Or am I to be found among the Chief Priests with Pilate; pretending to be interested in what Jesus teaches and stands for but only really going through the motions? Never interested enough to ask and listen to those who know what Jesus said. Washing my hands at every possible opportunity of any responsibility for the truth. Wondering perhaps, like Pilate, is there any such thing as truth. Jesus for those people is a bit of a bothersome nuisance really. Is Jesus in danger of becoming that for any of us. Ah yes, it is Good Friday. Better drop into Church at some stage and kiss the cross just in case of the worst. But I can’t stay too long or get too involved. You’d never know what I might be asked to do? Or are we like Simon of Cyrene, caught and pushed under the cross against our will at first, resenting and resisting like hell, but gradually coming to realise that the cross is the greatest proof of God’s love for each one of us.
Or are we to be found fortunately with that great crowd of courageous women and with John, the beloved disciple? I suppose we would all like to be but who knows?
Or are we like Veronica or the women of Jerusalem or the three Marys? “Weep for yourselves and for your children”, Jesus told them. It is a call to repentance. Weep for yourselves and for your sins, weep for your children and their sins. We cannot just scrape at the surface of evil. We have to get down to its roots and its causes. We have to face the truth of our conscience and do something about it.
There are two more I didn’t mention yet, Joseph of Aramathaea and Nicodemus – both were disciples of Jesus but secret ones. Not very courageous people but faithful, faithful in their own way. They arrived late and by that stage Jesus was no longer asking questions. He had met these men during his life and influenced them and convinced them that what he was saying was true. Now his dead body, hanging on the cross, once again asked them a question, What am I going to do about it?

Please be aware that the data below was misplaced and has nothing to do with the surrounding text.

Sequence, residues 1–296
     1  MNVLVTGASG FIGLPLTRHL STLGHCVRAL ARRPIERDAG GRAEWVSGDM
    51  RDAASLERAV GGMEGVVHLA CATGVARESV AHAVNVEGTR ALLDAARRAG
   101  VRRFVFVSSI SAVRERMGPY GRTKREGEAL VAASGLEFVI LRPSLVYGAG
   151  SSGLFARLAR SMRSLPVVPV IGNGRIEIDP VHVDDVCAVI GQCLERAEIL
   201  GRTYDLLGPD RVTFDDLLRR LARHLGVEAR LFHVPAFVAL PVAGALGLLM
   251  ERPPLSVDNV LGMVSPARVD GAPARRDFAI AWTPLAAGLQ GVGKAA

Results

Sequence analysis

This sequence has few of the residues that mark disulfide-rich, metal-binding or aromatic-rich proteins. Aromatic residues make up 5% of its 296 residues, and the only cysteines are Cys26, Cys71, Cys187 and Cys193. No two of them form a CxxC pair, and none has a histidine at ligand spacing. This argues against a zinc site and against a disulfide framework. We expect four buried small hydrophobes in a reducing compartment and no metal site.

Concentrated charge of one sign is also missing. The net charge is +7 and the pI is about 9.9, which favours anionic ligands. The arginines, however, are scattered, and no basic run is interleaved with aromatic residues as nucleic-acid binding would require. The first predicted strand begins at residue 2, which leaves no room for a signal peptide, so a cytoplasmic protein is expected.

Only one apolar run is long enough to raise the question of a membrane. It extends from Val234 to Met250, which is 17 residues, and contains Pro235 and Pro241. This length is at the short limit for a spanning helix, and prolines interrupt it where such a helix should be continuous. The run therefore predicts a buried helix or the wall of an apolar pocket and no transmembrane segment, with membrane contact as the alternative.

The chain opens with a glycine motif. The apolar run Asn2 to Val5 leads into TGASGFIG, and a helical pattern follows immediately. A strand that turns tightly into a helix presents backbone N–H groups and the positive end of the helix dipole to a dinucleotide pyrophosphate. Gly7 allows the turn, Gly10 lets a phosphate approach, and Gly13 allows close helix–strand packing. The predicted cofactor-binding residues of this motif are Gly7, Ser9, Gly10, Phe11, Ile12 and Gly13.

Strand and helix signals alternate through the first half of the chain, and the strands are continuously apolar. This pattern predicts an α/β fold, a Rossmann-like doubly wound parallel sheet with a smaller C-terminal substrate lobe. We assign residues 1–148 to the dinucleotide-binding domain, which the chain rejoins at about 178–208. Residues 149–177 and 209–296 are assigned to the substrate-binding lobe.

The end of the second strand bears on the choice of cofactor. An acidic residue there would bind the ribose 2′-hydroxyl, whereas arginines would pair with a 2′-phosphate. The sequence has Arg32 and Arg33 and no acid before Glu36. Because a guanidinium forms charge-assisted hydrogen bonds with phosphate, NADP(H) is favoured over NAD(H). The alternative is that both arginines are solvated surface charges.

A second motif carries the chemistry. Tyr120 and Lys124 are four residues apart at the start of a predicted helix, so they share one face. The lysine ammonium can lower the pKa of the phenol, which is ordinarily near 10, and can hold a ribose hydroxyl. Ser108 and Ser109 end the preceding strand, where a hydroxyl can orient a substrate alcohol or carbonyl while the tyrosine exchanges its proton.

Jesus forgives sins by the power of his cross and resurrection. The first time he saw his disciples after his death and resurrection he didn’t scold them for denying him and running away and abandoning him. Some show for a set of newly-ordained priests, or were they newly-ordained bishops as well? He simply says: “Receive the Holy Spirit. To any whose sins you forgive those sins will be forgiven”.
Jesus does not start accusing them. He is the shepherd who gave his life, out of love, for his people. He always welcomes those who accept the truth about themselves as sinners and who come looking for pardon. When someone kneels down in the confessional because he has sinned, that person, at that moment, adds to his/her own dignity. It does not matter how long or how heavy the sins are, or how long one has been away. It doesn’t matter how seriously our sins may have damaged our own dignity. The very act of a truthful confession, the very act of turning again to God is a sign of that person’s special dignity.
“Father I have sinned against God and against you”, says the prodigal son. That is a moment of deep truth. We are all sinners and we put ourselves in touch with God in a special way when we do that. This is the grace given by the sacrament of confession, the sacrament of Penance, the sacrament of Reconciliation. It has at least three names, because it has at least three parts. Sometimes we want to get cut-price grace by wanting the reconciliation part without the confession and without the penance. But sin is a very personal sort of offence, offered to God. It requires a personal sort of meeting, face to face, to sort it out with God the Father, who listens to us in secret. There is a certain nobility about someone who accepts the truth about his or her sinfulness and repents. That grace of repentance, which is given in the sacrament of Penance, flows from the Crucified Christ. Today we thank God for that grace and make a resolution to seek it often. Yes Jesus asks a lot of questions. What are we going to do about it?